Did I finish in 90 Days? Yes, but I took a lot of days “off”.  For me, it was 63 days of actual writing. From the day I started the pre-writing until the day I wrote “The End” I sat my butt in a chair for 63 days. That’s less than advertised. So depending on output/length of your story it is possible to finish early. However, 63 days doesn’t mean I sat my butt down every day for 63 days straight. Looking at my dates of June 7th through September 1st that’s a total of 86 days. I will say, I skimped on the ending. I needed to be done before I went back to work and I wrote a lackluster ending that I knew needed more time and effort but I figured I’d handle that in post as it were. (Considering the edits I’m doing, I probably would have scrapped the denouement anyways, but it doesn’t change the fact that I cheated the work in the interest of keeping to a deadline.)

Overall, I liked The 90-Day Novel. I thought it was a good way to break the process down into friendly bite-size bits, and hey, it got me to outline for the first time, which is a skill I plan to cultivate more in the future. Bottom line is, if having a daily routine is going to help you immensely then this may be the book for you. I know I got locked into the habit of reading the daily entry and then getting to work. A few days I refused, nay, found myself incapable of starting before I read the blurb cheering me onward. Still, it’s not a strict task master, and it’s really possible to take it and make it your own. Truly, I didn’t do all of the daily prompts but I still found the suggestion to pre-write really helpful in planning out my book. So many cool things were discovered there.

I’d recommend buying it. But if you’re just not sure it’s for you, check to see if your local library has it. You can get all the way to Day 42 before you’ll have to return it.

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At the magical price of $1.99, The Paper Magician by Charlie N. Holmberg was one of the biggest risks I’ve ever taken with a book. I’ve always been one of those people who buys books after I already know I’ll enjoy them. You know, the ones I’ve already borrowed from the library dozens of times or are sequels to something I already own. With the digital revolution and indie book prices so low (often less than a cup of coffee) I still find myself stuck in the “try before you buy” mentality. I download the preview and if I like it I’ll buy it. If I don’t I’m not out anything.

I couldn’t do that with The Paper Magician.

The Paper Magician came my way via an e-mail from Amazon, one of their KindleFirst deals. For those of you unfamiliar with KindleFirst, as I was at the time, Amazon basically picks four books from their imprint and offers them at a reduced price one month before they’re slated to come out.You purchase it and it’s sent to your Kindle that same day.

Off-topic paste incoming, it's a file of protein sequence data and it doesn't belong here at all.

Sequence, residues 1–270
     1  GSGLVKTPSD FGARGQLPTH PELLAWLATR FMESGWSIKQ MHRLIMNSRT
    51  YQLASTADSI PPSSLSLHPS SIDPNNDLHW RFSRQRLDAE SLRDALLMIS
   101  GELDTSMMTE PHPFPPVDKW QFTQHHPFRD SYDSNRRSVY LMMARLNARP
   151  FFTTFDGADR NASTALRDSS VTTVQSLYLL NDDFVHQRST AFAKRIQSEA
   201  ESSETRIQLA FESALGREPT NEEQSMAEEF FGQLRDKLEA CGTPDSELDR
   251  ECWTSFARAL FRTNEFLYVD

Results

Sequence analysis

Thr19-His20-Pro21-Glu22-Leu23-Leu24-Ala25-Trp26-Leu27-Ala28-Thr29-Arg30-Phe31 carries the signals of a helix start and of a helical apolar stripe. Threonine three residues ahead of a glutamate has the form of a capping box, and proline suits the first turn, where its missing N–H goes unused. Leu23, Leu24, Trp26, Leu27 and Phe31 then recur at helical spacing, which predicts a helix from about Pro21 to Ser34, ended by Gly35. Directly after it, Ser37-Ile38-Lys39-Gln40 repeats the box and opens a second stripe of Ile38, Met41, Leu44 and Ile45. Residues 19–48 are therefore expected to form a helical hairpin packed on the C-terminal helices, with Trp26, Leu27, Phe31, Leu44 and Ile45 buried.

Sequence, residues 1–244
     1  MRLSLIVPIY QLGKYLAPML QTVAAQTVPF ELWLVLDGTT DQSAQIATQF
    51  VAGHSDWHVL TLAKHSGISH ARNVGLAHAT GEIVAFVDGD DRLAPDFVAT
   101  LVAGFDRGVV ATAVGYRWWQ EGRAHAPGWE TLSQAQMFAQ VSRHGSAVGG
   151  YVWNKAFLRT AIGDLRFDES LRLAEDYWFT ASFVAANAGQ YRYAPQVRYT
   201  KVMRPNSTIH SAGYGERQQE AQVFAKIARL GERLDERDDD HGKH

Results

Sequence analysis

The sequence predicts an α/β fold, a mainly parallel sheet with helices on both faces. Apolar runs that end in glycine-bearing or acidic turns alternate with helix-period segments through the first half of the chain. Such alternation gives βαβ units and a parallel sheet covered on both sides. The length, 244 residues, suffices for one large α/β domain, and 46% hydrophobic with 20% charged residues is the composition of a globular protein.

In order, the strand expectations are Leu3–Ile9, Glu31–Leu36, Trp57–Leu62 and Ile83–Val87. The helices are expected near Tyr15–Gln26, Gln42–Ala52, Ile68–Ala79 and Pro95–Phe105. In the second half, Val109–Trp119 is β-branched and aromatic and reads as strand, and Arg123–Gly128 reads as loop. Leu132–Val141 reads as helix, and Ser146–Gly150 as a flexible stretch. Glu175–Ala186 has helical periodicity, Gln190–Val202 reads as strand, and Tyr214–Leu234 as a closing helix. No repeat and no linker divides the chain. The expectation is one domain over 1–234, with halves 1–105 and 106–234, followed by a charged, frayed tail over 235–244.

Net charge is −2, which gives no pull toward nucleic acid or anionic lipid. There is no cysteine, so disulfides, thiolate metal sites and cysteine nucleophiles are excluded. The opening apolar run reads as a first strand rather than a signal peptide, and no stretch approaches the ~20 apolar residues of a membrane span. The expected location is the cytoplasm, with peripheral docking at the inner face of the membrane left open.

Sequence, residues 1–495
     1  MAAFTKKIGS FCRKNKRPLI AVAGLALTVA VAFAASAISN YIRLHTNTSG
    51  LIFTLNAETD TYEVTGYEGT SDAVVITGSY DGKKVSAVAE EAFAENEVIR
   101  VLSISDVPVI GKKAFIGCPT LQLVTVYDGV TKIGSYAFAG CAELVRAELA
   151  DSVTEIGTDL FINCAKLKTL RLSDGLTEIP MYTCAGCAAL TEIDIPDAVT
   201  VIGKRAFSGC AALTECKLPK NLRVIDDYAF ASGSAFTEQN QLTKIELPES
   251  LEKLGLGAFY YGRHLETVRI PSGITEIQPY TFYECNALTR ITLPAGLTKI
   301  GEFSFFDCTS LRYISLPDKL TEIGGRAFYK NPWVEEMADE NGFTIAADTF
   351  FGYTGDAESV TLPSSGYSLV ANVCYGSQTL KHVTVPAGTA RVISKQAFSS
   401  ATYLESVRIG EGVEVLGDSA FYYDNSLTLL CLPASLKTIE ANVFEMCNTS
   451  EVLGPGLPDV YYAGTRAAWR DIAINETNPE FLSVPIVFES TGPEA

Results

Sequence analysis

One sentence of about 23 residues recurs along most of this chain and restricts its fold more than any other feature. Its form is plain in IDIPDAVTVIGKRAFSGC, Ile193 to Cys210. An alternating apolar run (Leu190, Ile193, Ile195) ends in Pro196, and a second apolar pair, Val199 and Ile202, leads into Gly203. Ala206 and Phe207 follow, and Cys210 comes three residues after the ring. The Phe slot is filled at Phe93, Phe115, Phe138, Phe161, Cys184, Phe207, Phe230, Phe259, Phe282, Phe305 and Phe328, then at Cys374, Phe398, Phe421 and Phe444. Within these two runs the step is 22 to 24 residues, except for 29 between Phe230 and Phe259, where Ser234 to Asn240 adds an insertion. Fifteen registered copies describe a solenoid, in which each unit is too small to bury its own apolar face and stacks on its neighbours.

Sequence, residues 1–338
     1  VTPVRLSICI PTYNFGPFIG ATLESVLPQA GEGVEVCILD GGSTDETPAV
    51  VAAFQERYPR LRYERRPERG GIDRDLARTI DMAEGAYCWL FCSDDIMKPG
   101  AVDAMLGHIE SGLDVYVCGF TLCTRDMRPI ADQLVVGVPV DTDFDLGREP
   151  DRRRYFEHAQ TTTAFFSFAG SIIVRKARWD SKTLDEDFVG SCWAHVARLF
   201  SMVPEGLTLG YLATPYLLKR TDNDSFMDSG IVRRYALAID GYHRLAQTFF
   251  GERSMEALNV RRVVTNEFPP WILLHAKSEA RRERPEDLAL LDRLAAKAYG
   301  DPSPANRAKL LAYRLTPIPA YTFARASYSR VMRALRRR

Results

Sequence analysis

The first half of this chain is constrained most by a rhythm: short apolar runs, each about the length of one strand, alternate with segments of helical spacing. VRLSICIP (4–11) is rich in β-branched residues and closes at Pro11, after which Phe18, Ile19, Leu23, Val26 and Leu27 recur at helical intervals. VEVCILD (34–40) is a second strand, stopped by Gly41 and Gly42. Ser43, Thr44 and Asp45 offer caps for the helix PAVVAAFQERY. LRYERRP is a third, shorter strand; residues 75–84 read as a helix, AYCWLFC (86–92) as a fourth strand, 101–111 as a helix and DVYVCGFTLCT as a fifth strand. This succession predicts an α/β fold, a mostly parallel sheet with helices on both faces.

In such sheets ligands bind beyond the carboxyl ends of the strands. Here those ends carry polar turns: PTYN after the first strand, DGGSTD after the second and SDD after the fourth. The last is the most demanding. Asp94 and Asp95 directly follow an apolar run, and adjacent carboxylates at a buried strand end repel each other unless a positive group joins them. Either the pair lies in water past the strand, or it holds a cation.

The catch is there is no “try before you buy”.  You decide to buy the book at the reduced price or you wait until it comes out and pay the full price when later. Reading the description for The Paper Magician I felt that it was a story worth taking a gamble on.

I was so happy I did!

In the world of  The Paper Magician  people who have a talent for magic bond with a specific man-made material to channel their magic through. As you can already tell by the title, the story focuses on one bound to paper. It’s not the most exciting of the options but much like the main character, Ceony Twill, I found myself gaining a respect for the medium.

Ceony Twill is a recent graduate of the Tagis Praff School for the Magically Inclined, and her story begins on the first day of her apprenticeship with Emery Thane. At the beginning I found Ceony to be one of the most annoying characters I’ve ever encountered. She’s very upset at being bonded to paper (she really wanted to craft with metal) and in all honesty comes off as being a bit spoiled despite her meager upbringing.

The story kicks into high gear when Emery Thane’s heart is stolen by an Excisioner (a magician whose magic is bonded to flesh and blood). As any apprentice in a fantasy series does, she goes off to retrieve Thane’s heart before it’s too late. Facing off against the Excisioner she finds herself sucked into Thane’s heart, experiencing his joys and heartaches as she searches for a way out.

Her journey is what I found so enchanting about the story because for once it isn’t about the monsters she defeats, it’s about the truth that can be found inside a man’s heart. The flashback scenes where beautifully done, several of which broke my heart to imagine and others that brought a smile of joy. As Ceony journeys through Thanes heart she doesn’t just learn about the Master Paper Magician, she learns about herself.